In theoretical computer science and mathematics, the theory of computation is the branch that deals with whether and how efficiently problems can be solved on a model of computation, using an algorithm. The field is divided into three major branches: automata theory, computability theory and computational complexity theory.
The theory of computing is the study of efficient computation, models of computational processes, and their limits. Research at Cornell spans all areas of the theory of computing and is responsible for the development of modern computational complexity theory, the foundations of efficient graph algorithms, and the use of applied logic and formal verification for building reliable systems.
Computations consist of events and can be represented as graphs, where edges between events reflect various relations. Nodes and edges will have attributes called labels, states, values, colors, parameters, etc. We require different labels for any two edges with the same source. Edges of one type, called causal, run from each event x to all events essential for the occurrence or attributes of x. They form a directed acyclic graph (though cycles are sometimes added artificially to mark the input parts of the computation).
A frequently encountered situation in the theory of computation is that at least suprema of certain chains exist (or are adjoined as new "ideal objects"), while binary joins occur rather rarely. Indeed, it is not clear a priori what kind of suprema are most adequate for the intended theory, but the consideration of directed supprema turned out to be one of the most reasonable and convenient settings; fortunately, we know from the first section that in most cases, it suffices to work with well-ordered chains instead of directed sets, while the restriction to sequences or to countable directed sets sometimes requires a slightly modified approach.
The motivation for trying to formulate a mathematical theory of computation is to give mathematical semantics for high-level computer languages. The word "mathematical" is to be contrasted in this context with some suck term as "operational."
The Theory of Computation provides a new viewpoint on old phenomena. For example, a computational approach to randomness leads to the conclusion that randomness can be expanded almost arbitrarily (cf. the theory of pseudorandomness). Likewise, a computational approach to proofs leads to the conclusion that obtaining a proof to a statement may not teach you anything beyond the validity of the statement (such proofs are called zero-knowledge). In general, a computational approach to proofs leads to the realization that the standard notion may be generalized by allowing interaction and randomization, and the derived notions of probabilistic proof systems offer many advantages over standard (static and deterministic) proof systems.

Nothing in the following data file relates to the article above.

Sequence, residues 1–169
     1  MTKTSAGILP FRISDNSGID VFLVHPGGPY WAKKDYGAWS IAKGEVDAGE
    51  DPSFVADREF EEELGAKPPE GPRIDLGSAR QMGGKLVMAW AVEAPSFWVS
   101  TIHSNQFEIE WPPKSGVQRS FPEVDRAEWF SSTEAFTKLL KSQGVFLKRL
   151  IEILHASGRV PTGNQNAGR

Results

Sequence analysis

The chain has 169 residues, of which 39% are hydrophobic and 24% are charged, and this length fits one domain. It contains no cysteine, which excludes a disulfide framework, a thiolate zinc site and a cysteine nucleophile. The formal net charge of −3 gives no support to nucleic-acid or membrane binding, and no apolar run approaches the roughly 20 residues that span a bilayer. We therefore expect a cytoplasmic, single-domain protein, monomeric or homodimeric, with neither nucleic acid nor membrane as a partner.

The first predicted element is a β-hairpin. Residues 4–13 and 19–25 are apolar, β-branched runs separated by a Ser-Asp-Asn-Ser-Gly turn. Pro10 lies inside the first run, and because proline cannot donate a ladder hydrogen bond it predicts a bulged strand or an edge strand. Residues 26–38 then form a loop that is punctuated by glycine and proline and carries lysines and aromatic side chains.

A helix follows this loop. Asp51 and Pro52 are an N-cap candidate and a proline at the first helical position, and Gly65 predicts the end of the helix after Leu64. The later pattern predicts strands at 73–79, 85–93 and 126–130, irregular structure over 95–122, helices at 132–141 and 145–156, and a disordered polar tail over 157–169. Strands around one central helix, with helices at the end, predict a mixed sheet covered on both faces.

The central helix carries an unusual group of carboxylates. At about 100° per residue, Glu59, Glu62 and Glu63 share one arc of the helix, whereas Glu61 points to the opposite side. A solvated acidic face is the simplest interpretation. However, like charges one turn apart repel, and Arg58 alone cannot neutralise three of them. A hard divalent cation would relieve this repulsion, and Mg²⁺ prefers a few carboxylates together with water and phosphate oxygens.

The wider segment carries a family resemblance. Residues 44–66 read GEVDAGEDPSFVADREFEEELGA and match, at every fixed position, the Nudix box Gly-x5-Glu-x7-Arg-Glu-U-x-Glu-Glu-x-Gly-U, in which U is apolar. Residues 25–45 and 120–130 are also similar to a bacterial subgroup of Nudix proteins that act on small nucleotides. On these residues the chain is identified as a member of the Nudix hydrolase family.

Theory of Computation (TOC) is the study of the inherent capabilities and limitations of computers: not just the computers of today, but any computers that could ever be built. By its nature, the subject is close to mathematics, with progress made by conjectures, theorems, and proofs. What sets TOC apart, however, is its goal of understanding computation -- not only as a tool but as a fundamental phenomenon in its own right.
The foundations (or theory) of computer science can be partitioned into two sub-disciplines: one concerned with the Theory of Computation, and the other concerned with the Theory of Programming. The Theory of Computation aims at understanding the nature of computation, and specifically the inherent possibilities and limitations of efficient computations. The Theory of Programming is concerned with the actual task of implementing computations (i.e., writing computer programs).
The theory of computation does not tell us much about nonalgorithmic activities, such as the dynamics of human-machine interactions, or the social aspects of computing. But even there the theory can contribute - for example, by providing the theory behind the strong encryption technology essential to privacy.
The theory of computation deals with the essence of problems and abstracts away many of the details. The goal of computation theory is to take a real-life problem, with all of its ugly implementation details and ambiguous behavior, and distill the core aspects: Is the problem solvable? How much time does a given instance take? How much memory does it use? How do time and memory requirements grow as the size of the instance gets bigger?
Theory of computing is the fundamental scientific discipline concerned with understanding (efficient) computational phenomena, whether it be man-made, in nature, or imaginary. Among the most important and challenging problems of our time. Deep technological, scientific, and philosophical ramifications.